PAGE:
The Angels will induct former outfielder Garret Anderson into their Hall of Fame on Saturday, as Mark Whicker of the Orange County Register notes. Anderson hasn’t appeared in the big leagues since being released by the Dodgers in 2010, and he says he’s enjoyed his time away from the game, in which he hasn’t had to deal with the frustrations of failing. “I was a mess in the minors. If I struck out in my first at-bat, I was done. For a good player to become better, he has to put that aside,” he says. “I miss the one-on-one with the pitchers. I miss competing against Pedro Martinez, a guy who could make you miss. Other than that, I don’t miss anything. When it was over, I was going home to be with my family. The game was never my identity.” Interestingly, Anderson credits Mike Scioscia — who appears likely to remain with the Angels in 2017 — with instilling a winning culture that changed the Angels. “We had a third-place mentality,” he says. “We’d have good years but we wouldn’t get the player we needed, so that’s how we played. Then Mike Scioscia came in and after a while I realized, this guy really thinks we can win.” Here’s more from Anaheim.
- Third baseman Yunel Escobar could wind up on the disabled list, Jeff Fletcher of the Register tweets. Escobar left yesterday’s game after bunting a ball off his face. X-rays came back negative, but he is sore. The 33-year-old is batting a strong .320/.368/.402 in his first season with the Angels. He has a $7MM club option for next season.
- Angels pro scouting director Hal Morris is leaving the organization to work in athlete development for Fantex in San Francisco, Mike DiGiovanna of the Los Angeles Times tweets. Fantex is the company that makes deals with athletes, paying them an upfront sum in exchange for a percentage of their future earnings and then offering shares of those players to investors. Its MLB players include Jonathan Schoop, Maikel Franco, Collin McHugh, Yangervis Solarte, Tyler Duffey and current Angel Andrew Heaney. Morris, the former Reds first baseman, was a candidate for the Angels’ GM job before the team hired Billy Eppler.
I would invest in Franco, but my only concern is that the Phillies will lock him up on a team friendly deal to stick around as is the culture with most young players now a days. I could see him signing a 5 year $60 million dollar contract with the Phillies after 2017 with 2 options. I just feel like that would be something that this new Phillies regime would be about.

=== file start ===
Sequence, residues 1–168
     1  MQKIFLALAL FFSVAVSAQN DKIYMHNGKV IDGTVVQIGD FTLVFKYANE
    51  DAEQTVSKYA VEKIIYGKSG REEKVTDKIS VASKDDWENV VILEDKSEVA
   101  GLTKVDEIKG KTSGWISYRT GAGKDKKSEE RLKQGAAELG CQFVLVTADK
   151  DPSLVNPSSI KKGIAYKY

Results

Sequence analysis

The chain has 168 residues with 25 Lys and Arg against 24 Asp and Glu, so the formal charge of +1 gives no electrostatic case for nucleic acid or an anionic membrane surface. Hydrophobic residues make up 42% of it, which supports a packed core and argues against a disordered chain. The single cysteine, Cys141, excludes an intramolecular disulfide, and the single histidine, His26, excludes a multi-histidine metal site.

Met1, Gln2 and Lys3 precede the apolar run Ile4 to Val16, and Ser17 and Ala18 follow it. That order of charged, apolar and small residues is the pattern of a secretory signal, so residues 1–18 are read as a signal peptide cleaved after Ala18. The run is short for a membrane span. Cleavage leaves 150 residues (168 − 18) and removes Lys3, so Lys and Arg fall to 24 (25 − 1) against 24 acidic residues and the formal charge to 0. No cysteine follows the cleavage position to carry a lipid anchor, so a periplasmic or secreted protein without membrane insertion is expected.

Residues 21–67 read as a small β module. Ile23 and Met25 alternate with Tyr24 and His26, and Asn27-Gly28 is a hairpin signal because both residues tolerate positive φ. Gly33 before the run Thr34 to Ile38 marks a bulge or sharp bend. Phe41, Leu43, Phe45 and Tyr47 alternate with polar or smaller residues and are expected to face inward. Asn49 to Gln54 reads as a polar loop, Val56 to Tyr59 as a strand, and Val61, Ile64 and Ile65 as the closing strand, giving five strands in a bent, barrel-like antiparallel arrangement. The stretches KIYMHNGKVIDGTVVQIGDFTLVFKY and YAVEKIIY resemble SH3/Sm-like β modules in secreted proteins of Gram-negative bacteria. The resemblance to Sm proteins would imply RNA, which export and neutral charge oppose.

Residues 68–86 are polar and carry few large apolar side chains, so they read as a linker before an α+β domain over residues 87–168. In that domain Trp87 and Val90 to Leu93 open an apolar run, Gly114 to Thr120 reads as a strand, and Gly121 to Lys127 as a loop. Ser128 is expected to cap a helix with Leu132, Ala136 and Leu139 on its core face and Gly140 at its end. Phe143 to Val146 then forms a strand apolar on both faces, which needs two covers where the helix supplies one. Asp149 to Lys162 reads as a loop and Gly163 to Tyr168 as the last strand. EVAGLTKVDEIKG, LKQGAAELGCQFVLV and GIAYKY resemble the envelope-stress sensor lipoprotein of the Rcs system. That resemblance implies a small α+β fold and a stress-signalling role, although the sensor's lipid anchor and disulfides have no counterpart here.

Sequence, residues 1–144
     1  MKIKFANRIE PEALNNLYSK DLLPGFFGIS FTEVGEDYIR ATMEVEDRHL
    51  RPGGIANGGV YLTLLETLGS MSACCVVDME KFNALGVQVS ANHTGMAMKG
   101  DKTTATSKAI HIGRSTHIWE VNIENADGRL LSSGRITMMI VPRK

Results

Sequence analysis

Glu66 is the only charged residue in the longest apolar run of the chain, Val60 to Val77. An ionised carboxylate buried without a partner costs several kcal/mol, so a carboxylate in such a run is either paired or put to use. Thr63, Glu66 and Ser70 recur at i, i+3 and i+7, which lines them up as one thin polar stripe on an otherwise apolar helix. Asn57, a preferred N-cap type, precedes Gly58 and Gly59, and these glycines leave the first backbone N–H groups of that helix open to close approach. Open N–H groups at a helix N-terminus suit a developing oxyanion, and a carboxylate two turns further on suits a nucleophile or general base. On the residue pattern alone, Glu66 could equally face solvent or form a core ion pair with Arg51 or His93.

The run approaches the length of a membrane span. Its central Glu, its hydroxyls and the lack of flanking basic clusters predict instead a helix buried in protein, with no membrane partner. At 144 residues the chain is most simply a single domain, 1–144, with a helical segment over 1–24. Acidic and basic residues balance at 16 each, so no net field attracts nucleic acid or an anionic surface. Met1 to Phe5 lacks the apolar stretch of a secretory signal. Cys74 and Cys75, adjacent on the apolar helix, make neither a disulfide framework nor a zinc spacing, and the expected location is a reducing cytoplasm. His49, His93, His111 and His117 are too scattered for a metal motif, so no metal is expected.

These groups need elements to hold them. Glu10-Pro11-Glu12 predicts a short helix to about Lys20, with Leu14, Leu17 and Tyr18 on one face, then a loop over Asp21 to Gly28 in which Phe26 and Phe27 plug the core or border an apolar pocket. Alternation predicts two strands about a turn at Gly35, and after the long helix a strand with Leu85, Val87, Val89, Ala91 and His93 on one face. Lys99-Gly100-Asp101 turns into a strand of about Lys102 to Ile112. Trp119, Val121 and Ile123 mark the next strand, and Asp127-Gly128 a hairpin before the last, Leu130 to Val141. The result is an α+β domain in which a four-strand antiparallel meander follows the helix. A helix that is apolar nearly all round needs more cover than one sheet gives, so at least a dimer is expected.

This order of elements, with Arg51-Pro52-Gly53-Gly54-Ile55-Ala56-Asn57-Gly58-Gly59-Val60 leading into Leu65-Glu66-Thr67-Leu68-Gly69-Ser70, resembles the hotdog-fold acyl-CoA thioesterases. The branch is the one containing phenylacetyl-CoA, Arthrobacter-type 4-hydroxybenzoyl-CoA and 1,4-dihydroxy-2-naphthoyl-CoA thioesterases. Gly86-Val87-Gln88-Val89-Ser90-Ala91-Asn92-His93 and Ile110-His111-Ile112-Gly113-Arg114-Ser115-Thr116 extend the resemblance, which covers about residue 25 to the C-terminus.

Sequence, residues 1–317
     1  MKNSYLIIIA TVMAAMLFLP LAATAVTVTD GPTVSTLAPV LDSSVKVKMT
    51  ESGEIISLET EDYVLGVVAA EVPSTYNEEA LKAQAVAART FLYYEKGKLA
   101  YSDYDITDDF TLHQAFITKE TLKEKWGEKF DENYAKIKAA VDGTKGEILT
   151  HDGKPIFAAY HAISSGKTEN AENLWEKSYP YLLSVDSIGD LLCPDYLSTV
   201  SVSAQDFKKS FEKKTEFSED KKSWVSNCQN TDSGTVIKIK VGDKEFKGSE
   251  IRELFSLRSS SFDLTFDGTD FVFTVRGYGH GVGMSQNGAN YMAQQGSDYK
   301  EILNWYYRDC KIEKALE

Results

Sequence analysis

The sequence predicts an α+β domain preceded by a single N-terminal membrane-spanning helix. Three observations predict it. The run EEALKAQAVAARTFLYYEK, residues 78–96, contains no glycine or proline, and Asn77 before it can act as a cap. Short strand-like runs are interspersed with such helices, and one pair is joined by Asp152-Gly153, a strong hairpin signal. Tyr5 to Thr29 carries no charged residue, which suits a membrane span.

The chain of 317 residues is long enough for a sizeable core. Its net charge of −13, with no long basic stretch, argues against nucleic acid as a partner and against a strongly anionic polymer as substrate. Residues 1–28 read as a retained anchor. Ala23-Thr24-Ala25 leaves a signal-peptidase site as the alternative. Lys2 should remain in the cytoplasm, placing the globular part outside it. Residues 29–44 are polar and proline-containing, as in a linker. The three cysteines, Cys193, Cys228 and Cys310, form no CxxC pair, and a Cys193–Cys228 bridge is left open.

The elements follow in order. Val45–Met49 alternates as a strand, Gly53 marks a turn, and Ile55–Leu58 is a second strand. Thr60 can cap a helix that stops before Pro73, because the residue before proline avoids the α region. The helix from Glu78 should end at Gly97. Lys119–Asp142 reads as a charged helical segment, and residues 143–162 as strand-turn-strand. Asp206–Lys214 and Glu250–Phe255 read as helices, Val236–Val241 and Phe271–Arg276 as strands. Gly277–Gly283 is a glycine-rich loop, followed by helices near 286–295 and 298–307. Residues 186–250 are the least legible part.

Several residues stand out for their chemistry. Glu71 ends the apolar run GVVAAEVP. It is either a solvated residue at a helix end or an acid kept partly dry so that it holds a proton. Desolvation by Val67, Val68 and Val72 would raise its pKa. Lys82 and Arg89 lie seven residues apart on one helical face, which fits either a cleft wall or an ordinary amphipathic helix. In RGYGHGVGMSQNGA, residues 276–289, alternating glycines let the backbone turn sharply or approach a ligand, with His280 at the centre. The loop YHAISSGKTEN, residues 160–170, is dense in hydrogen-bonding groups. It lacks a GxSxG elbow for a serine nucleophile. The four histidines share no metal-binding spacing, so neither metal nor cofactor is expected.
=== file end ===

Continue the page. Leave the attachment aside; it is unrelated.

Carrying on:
Solarte could make some money through arbitration, but by the time he hits free agency, he will be 33-34, and let’s face it, he won’t be bringing in a multi-year deal any time soon.
Schoop, however, could be a safe investment because the market for young, quality second basemen is scarce to say the least, and I can’t see the Orioles shelling out all that much money for him with Machado, Bundy and Gausman likely their priorities and Davis and Jones already making as much as they are- so he seems likely to hit the open market.
The other guys are either too much of an injury risk or non-tender candidates
The thing is, Franco is not going to sign that kind of deal any more because he does not ‘need’ the money (That is, of course, if he hits better than he has after the all star game). The players can afford to take a bet on their future, going through the regular arbitration process and becoming a free agent as soon as possible. They don’t need a deal buying out 1 or 2 free agent years in exchange for a little bit more money during their first 3 years in the bigs. I don’t think Singleton, Lucroy, etc. would have signed extensions so early in their career if they had a deal like this.
You are saying the you would rather have Franco, one of the worst defensive third baseman in the game over solarte, somebody who posts good offense and decent defense numbers ? Another lost Phillies fan
Franco has 30 HR/100 RBI potential and defensively he actually ranks 5th in third baseman fielding percentage (for the NL) and 4th in 3B putouts (for the NL) which means that he is AT LEAST in the middle of the pack in the MLB and both numbers rank higher than Solarte– Franco also has a solid arm which also helps his case in the field.
Solarte is a great hitter on a bad team right now, and yes, he provides solid defense but I was talking on the grounds of earning potential and future value. Right now, in single season WAR for 2016- Solarte may narrowly takes it over Franco, but when you are investing in a player’s earnings and a player’s future, I’m taking the 24 year old who looks to be a corner stone of a budding young team over the 29 year old place holder who seems as if he will be a stellar, albeit unspectacular journeyman for the next 5 years any day.
Fielding percentage doesn’t show how good of a fielder a player is
But at the end of the day, would you rather have a guy who makes 98.5 percent of the plays and looks sloppy or unorthodox or 90% of the plays and looks good doing it
I’ll take efficiency over “fielding the right way” any day
I don’t like the Fantex deals. With these deals players will never sign extensions and just wait until they become a free agent and are able to sign whichever team offers them the most money. That is already happening quite a bit these days, but Fantex will eliminate all that is left of the loyalty of the (some) players. I hope it will be made illegal in the next CBA before it gets out of hand.
Honestly, I do like it a bit- like I would totally get involved in this new thing. It’ll be like fantasy baseball meets wall street